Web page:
Stay-at-home mom and career woman are not two titles that are traditionally put together. However, in today’s increasingly digital and flexible world, more and more women (myself included) can stay home with their young ones while advancing their careers at the same time.

No, I am not saying you can “have it all”—staying home with your kids in and of itself is a full-time job. And it’s basically not possible to have two full-time jobs. Yet, despite what feels like an endless hustle to keep the house from falling apart and praying that the baby will keep napping while conducting cross-continental video conferences, I feel so grateful that I live in a time where I can really grow my career —not just scoot by with a side income—through part-time work from wherever I may be, as long as I have a laptop and reliable internet connection.

Over the past year and a half, I have learned a thing or two about how to maximize my professional growth while fulfilling my lifelong dream of staying home with my child when she is small.

Use Non-Work Time for Continued Education

For the most part, I stick to a schedule of when I work and don’t (though times always come up where I need to quickly distract my daughter while responding to an urgent email, this schedule generally works for me). When I am not working, I like to listen to podcasts related to my industry or other industries I am interested in learning about. There are thousands of podcasts on all kinds of topics—which are great to listen to when preparing dinner, playing legos, folding laundry, pushing the stroller, or any other activities around the house. Listening to podcasts on a regular basis keeps me thinking about my work and ways to grow, and gets me excited to get back to work at my next opportunity.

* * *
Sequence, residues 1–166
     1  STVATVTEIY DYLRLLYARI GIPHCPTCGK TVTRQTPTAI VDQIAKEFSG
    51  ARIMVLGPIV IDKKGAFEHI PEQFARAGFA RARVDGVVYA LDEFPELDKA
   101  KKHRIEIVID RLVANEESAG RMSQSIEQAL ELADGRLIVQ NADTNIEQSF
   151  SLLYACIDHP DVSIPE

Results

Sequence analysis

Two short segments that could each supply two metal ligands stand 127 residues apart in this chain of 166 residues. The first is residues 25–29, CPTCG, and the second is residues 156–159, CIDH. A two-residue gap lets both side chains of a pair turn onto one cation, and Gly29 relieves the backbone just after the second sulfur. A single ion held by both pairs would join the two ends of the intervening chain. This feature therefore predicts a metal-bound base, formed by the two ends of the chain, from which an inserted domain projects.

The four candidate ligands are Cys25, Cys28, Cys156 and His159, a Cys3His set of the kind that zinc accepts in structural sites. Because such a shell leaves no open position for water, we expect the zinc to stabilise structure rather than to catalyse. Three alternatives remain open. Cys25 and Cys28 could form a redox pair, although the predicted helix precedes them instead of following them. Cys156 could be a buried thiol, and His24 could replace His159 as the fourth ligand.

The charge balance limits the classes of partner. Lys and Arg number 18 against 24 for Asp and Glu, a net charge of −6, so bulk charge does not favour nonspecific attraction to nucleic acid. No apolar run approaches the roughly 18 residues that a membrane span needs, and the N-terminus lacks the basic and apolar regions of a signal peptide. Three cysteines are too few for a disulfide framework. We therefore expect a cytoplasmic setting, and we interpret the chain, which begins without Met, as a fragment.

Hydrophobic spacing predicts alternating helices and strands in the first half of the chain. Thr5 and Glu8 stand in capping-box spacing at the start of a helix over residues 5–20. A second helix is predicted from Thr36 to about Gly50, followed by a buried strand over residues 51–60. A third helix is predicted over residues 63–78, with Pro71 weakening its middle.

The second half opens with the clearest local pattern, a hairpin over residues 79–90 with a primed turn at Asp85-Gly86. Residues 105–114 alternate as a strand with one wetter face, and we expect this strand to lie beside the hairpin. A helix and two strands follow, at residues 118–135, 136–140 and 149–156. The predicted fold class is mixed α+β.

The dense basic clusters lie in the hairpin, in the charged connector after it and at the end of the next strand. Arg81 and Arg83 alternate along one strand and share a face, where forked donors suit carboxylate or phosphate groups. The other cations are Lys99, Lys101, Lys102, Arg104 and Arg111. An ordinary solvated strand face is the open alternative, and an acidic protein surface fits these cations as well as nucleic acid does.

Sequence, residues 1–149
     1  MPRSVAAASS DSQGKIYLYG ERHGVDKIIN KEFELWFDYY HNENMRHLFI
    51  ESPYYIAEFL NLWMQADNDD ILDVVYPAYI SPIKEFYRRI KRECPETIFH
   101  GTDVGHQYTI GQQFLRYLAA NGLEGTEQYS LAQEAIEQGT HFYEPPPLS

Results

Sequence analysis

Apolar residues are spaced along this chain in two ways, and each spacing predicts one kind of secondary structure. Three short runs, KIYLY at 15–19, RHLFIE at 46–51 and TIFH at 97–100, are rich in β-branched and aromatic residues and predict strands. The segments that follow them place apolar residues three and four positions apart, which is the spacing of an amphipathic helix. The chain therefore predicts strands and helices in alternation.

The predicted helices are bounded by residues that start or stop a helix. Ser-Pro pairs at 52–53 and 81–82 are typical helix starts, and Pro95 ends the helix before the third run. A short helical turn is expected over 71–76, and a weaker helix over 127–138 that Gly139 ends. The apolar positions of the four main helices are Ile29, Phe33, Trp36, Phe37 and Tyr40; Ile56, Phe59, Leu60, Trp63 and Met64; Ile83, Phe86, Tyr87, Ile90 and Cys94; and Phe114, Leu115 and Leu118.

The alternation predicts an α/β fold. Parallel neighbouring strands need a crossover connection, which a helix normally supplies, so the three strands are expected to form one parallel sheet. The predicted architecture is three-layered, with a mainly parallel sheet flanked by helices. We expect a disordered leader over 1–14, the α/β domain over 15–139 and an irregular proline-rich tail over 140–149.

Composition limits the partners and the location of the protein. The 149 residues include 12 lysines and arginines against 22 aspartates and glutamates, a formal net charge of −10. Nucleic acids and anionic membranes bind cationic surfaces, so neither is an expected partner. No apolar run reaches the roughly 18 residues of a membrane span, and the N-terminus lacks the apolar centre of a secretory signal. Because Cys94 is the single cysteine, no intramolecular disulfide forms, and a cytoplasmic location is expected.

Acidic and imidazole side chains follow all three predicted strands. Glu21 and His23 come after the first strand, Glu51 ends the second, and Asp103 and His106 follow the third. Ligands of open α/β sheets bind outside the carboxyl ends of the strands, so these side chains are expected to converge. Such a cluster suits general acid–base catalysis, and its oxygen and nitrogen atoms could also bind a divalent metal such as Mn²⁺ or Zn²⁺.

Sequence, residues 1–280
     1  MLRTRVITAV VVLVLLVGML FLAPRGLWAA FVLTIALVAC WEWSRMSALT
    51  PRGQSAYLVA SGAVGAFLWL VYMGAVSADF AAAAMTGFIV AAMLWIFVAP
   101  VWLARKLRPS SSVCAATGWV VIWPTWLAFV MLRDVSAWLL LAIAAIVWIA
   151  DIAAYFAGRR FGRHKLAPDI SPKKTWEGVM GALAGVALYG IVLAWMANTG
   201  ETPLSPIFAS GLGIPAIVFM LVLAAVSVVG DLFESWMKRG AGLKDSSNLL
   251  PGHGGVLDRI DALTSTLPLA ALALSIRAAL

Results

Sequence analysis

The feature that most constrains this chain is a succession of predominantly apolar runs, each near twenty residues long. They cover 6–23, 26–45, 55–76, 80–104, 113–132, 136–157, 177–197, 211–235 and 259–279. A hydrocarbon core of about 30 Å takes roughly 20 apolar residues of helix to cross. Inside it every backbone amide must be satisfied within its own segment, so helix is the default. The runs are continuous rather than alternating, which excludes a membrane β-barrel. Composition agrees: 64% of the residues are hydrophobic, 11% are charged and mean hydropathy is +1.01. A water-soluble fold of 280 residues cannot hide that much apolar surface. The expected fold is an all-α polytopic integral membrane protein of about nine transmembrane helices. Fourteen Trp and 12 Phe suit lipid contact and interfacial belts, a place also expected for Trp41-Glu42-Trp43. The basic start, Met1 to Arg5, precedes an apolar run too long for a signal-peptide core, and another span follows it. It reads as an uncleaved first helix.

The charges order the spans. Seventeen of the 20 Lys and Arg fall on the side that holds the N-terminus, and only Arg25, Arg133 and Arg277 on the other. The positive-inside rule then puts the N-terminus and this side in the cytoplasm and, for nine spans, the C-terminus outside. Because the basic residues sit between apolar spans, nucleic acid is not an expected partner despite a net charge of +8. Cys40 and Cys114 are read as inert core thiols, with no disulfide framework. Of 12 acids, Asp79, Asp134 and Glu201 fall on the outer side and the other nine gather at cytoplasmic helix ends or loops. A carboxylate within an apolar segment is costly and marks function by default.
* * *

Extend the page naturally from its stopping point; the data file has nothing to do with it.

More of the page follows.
Ask for Opportunities to Do Something Different

If you are as blessed as I am to have a job or freelancing situation that affords you the flexibility to stay home with your kids, you most likely have gotten stuck in the all-too-common rut that work-from-home employees or contract workers can fall into: task-based work. It is much easier to get involved with new initiatives when you can collaborate in person with other employees and company leadership. Sometimes when you are tired and cranky, checking tasks off a list seems much more comfortable than potentially getting stuck with a new initiative you don’t have experience tackling. Resist that comfort! Sometimes the lack of direction that virtual employees face due to time-zone or other constraints can be a breeding ground for tremendous creativity and growth. Of course, you should always make sure that you have the liberty to take some risks in your work, but in general, you will be surprised how much the self-starter attitude is appreciated, even outside the office.

Know How to Step Back

Having your work/home/personal life all wrapped up into one location—your house—can be, to say the least, overwhelming. Since my daughter was born, I have had to change my definition of “organized” or “scheduled” quite a bit. One thing that really helps me to differentiate between “work” and “not work” time is my family’s weekly observance of the Sabbath on Friday night to Saturday night. During this time, we don’t use phones, computers, cars, etc., don’t cook (we do the cooking beforehand), don’t work; and we spend our time having big meals with family and friends, going for walks, reading, sleeping in (okay I don’t do this so much now with a toddler, but I will eventually!), and just hanging out together. Having this dedicated time makes such an enormous difference in my attitude and capabilities the rest of the week—it’s absolutely the most peaceful and rejuvenating time, and I know that my work would suffer immensely without it. Even if you don’t plan to take a whole day off from life’s hustles and bustles like I do, I highly recommend having designated no work/screen/phone time on a regular basis.

Yes, my life is chaotic at times, but I wouldn’t trade it for anything! I truly believe that the opportunity to exercise my brain and grow my experience and nurture my talents makes me a better, more confident mom.

It’s often a juggling act in this house, but one well worth it!